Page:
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Just off the motorway service station at Abington where I finished reading Heart of Darkness this afternoon is Glenochar. Glenochar is an abandoned 'fermtoun'. All that can be seen of it now are a few piles of stones which mark the sites of peasant farmers 'houses'. What Glenochar reveals is that once the empty landscape of the Southern Uplands was filled with human life. Every patch of fertile ground was farmed and where now only dozens live, once there were thousands.

The story of Glenochar is told in The Lowland Clearances by Peter Aitchison and Andrew Cassell. This was first a radio series, and is now a book. The people driven off the land by agricultural 'reformers' first made their way to new industrial villages, towns and cities. Some stayed, but others moved on. Most to the 'white' colonies of Canada, Australia and New Zealand, but some to Africa.

At Broughton through which passed today is a John Buchan museum. In Colonialism's Culture, Nicholas Thomas uses Buchan's novel Prester John (published in 1910) to illustrate the theme 'Imperial Triumph, Settler Failure'.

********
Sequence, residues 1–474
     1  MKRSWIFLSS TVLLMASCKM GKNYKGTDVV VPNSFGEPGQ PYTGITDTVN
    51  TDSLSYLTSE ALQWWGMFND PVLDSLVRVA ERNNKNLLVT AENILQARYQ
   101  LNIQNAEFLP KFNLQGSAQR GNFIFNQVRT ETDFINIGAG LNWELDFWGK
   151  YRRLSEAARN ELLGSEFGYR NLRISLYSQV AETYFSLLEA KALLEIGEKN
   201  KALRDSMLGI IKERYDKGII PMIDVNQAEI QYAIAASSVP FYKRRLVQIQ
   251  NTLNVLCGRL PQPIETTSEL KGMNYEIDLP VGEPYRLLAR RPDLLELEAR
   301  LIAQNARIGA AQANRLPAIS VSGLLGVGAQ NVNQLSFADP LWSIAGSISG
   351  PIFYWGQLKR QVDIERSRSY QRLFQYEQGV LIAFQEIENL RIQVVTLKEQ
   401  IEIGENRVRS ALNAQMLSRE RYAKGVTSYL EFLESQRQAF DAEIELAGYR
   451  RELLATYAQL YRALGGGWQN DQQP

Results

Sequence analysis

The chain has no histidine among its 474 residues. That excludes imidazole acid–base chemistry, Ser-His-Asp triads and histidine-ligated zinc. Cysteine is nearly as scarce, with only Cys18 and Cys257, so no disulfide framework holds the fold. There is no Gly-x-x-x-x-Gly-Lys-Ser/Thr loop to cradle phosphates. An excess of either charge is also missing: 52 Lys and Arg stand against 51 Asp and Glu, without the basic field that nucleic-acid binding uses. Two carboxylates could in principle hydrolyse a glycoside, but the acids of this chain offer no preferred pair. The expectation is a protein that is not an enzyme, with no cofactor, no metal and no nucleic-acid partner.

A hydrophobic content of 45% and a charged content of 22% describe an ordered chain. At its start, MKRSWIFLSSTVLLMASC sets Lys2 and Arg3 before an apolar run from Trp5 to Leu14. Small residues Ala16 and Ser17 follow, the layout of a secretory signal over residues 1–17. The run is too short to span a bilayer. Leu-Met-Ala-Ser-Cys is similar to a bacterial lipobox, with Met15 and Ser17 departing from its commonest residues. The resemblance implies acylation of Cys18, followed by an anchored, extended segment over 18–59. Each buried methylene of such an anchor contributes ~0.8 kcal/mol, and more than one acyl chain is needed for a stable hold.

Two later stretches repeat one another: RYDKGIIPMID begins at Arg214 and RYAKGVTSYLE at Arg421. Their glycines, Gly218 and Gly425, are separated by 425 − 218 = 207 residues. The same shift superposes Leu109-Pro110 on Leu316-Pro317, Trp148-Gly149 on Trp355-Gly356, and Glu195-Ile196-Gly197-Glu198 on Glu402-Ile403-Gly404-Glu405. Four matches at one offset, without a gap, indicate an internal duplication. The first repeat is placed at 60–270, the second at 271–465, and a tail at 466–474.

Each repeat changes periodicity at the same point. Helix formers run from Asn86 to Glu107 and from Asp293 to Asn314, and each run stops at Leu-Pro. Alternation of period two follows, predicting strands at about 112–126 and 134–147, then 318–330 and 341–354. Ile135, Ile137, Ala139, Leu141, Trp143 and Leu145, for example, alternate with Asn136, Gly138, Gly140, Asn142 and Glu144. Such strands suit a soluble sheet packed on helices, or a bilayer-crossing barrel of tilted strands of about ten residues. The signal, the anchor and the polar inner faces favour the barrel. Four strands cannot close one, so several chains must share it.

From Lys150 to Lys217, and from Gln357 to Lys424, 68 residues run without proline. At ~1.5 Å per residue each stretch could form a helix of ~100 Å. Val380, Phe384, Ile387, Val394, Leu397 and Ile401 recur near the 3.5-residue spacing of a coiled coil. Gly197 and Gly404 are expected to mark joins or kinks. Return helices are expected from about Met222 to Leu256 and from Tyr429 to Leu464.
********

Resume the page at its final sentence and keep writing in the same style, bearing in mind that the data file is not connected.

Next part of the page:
It was little more than dawn... before me was the shallow vale with its bracken and sweet grass, and farther on the shining links of the stream, and the loch still grey in the shadow of the beleaguering hills. Here was a fresh, clean land , a land for homesteads and orchards and children. All of a sudden I realised at last I had come out of savagery. the burden of the past days slipped from me . I felt young again, and cheerful and brave. Behind me was the black night, and the horrid secrets of darkness. Before me was my own country, for that loch and that bracken might have been on a Scotch moor.